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14 Tricks for Maximizing Space in a Tiny Kitchen, Urban Edition

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14 Tricks for Maximizing Space in a Tiny Kitchen, Urban Edition

April 17, 2017

A round-up of ingenious kitchen spaces—some no larger than a closet—that are minuscule yet functional (and full of ideas to steal).

1. Do away with cabinet hardware.

Uncluttered countertops, lofty ceilings, and hardware-free cabinetry make this kitchen in Szczecin, Poland, seem larger. Photograph from The Furniture Designer’s Retreat: A Converted Forge in Poland.
Above: Uncluttered countertops, lofty ceilings, and hardware-free cabinetry make this kitchen in Szczecin, Poland, seem larger. Photograph from The Furniture Designer’s Retreat: A Converted Forge in Poland.

2. Use a monochrome palette (kitchen faucet included).

An all-black kitchen—even the kitchen faucet is black—in the San Francisco studio of designer Nicole Hollis.
Above: An all-black kitchen—even the kitchen faucet is black—in the San Francisco studio of designer Nicole Hollis.

3. Consider an all-in-one kitchen unit.

A truly tiny Avanti 30-Inch Complete Compact Kitchen with Refrigerator at the Spruceton Inn.
Above: A truly tiny Avanti 30-Inch Complete Compact Kitchen with Refrigerator at the Spruceton Inn.

4. Use a tiny kitchen island as room divider.

In the Old Homestead in Provincetown, designers Kristin Hein and Philip Cozzi of Hein & Cozzi built a small kitchen island that defines a kitchen area without breaking up the loftlike feel of the space. See more at Low-Key Luxury: The New Old Homestead in Provincetown.
Above: In the Old Homestead in Provincetown, designers Kristin Hein and Philip Cozzi of Hein & Cozzi built a small kitchen island that defines a kitchen area without breaking up the loftlike feel of the space. See more at Low-Key Luxury: The New Old Homestead in Provincetown.

5. Choose a skinny fridge.

A tiny kitchen by Ore Studios has a refrigerator that measures a mere  inches wide. See more at 5 Favorites: Skinny Refrigerators.
Above: A tiny kitchen by Ore Studios has a refrigerator that measures a mere 24 inches wide. See more at 5 Favorites: Skinny Refrigerators.

6. Source a high-style folding table.

The Table Plus from UK-based Magnet Kitchens offers an extra work or dining surface and includes storage space. The leather pockets are handy for stashing mail and magazines.
Above: The Table Plus from UK-based Magnet Kitchens offers an extra work or dining surface and includes storage space. The leather pockets are handy for stashing mail and magazines.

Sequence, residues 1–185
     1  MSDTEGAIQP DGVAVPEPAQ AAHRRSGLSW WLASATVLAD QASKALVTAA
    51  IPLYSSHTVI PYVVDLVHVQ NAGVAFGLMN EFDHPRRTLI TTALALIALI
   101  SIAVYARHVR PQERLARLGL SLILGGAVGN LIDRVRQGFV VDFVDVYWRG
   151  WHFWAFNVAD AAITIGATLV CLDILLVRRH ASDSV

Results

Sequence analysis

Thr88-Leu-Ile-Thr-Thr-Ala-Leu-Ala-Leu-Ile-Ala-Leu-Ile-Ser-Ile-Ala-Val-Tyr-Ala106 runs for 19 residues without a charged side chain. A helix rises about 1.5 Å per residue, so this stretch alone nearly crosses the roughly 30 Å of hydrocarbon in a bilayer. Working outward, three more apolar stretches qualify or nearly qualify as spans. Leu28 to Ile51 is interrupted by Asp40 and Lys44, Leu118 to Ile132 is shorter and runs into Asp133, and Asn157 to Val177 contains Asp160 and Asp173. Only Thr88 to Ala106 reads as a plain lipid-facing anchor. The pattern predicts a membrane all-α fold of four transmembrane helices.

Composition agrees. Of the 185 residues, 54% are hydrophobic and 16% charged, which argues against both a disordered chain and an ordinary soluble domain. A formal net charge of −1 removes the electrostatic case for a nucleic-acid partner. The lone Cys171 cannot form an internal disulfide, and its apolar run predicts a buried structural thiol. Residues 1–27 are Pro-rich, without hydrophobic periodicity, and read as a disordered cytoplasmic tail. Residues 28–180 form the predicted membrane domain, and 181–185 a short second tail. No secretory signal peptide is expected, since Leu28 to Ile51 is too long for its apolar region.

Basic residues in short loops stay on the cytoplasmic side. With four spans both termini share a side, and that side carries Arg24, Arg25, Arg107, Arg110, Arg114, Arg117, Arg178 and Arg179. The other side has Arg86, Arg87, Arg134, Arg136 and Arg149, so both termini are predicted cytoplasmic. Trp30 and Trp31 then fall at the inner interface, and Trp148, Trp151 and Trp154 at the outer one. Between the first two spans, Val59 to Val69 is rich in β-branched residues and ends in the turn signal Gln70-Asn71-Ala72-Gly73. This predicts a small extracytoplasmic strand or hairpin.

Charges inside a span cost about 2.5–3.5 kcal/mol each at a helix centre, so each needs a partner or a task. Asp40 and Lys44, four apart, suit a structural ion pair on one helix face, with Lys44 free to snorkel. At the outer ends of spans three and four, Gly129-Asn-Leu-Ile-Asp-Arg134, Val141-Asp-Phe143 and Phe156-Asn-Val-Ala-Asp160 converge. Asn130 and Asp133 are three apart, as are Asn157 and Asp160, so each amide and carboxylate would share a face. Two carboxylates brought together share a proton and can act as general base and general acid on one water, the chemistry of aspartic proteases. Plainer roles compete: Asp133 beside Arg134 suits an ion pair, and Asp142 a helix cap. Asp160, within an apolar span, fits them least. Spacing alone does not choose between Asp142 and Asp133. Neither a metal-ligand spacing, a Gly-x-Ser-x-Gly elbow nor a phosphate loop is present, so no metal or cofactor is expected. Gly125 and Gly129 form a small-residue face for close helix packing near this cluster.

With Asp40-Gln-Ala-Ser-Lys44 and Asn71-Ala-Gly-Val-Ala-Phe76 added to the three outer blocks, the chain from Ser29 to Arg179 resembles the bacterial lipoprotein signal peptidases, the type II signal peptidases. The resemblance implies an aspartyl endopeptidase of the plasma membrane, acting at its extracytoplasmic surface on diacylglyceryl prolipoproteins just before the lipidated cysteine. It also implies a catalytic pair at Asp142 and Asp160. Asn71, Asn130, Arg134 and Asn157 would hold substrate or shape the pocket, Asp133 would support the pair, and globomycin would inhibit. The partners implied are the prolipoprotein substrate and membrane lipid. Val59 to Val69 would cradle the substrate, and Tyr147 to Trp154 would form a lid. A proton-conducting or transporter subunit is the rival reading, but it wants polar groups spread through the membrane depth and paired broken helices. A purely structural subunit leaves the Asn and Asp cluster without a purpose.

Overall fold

7. Think like a puzzle maker.

A tiny kitchen by Mesh Architectures, a member of the Remodelista Architect and Designer Directory, occupies a nook in a 300-square-foot art dealer&#8
Above: A tiny kitchen by Mesh Architectures, a member of the Remodelista Architect and Designer Directory, occupies a nook in a 300-square-foot art dealer’s studio. Bonus points: The high-mounted oven includes a drop-down feature. See Remodelista’s Favorite Space-Saving Appliances for Small Kitchens.

8. Build a tall, slim bar counter.

A bar counter topped with a large quartzite slab in designer Lauren Soloff&#8
Above: A bar counter topped with a large quartzite slab in designer Lauren Soloff’s Malibu House.

9. Install a bar sink.

Karin Montgomery Spath used a tiny bar sink and slotted in a two-burner cooktop to create a mini kitchen in an Auckland space. See more at Small-Space Living: An Airy Studio Apartment in a Garage.
Above: Karin Montgomery Spath used a tiny bar sink and slotted in a two-burner cooktop to create a mini kitchen in an Auckland space. See more at Small-Space Living: An Airy Studio Apartment in a Garage.

10. Hang utensils on the wall as art.

Hanging kitchen utensils in Sheila Narusawa&#8
Above: Hanging kitchen utensils in Sheila Narusawa’s Cape Cod Kitchen.

11. Consider a radiant electric cooktop surface.

 A tiny kitchen in southern Sweden with an electric cooktop that almost disappears on the stainless counter from Kitchen of the Week: A Cost-Conscious Kitchen in Sweden.
Above: A tiny kitchen in southern Sweden with an electric cooktop that almost disappears on the stainless counter from Kitchen of the Week: A Cost-Conscious Kitchen in Sweden.

12. Use vertically stacked subway tile.

In a London apartment, architect Charles Mellersch, part of the Remodelista Architect and Designer Directory, tiled the walls in vertically stacked subway tiles to create a sense of loftiness.
Above: In a London apartment, architect Charles Mellersch, part of the Remodelista Architect and Designer Directory, tiled the walls in vertically stacked subway tiles to create a sense of loftiness.

13. Spec an integrated sink and countertop.

An integrated stainless sink/countertop in a revamped Oakland carriage house by Christi Azevedo provides a seamless work area. See more at A California Carriage House Transformed.
Above: An integrated stainless sink/countertop in a revamped Oakland carriage house by Christi Azevedo provides a seamless work area. See more at A California Carriage House Transformed.

14. Use every inch of vertical real estate.

When Danielle Arceneaux overhauled her Park Slope kitchen, she added an additional shelf above her cabinets and gained space for displaying her bowl collection. See more at Reader Rehab: Danielle&#8
Above: When Danielle Arceneaux overhauled her Park Slope kitchen, she added an additional shelf above her cabinets and gained space for displaying her bowl collection. See more at Reader Rehab: Danielle’s DIY Kitchen Remodel for Under $500.

For more small-space living ideas, see Radical Downsizing: High/Low Mini Kitchens and Race-Car-Style Appliances for the Compact Kitchen.

N.B.: This post is an update; the original story ran September 18, 2015.

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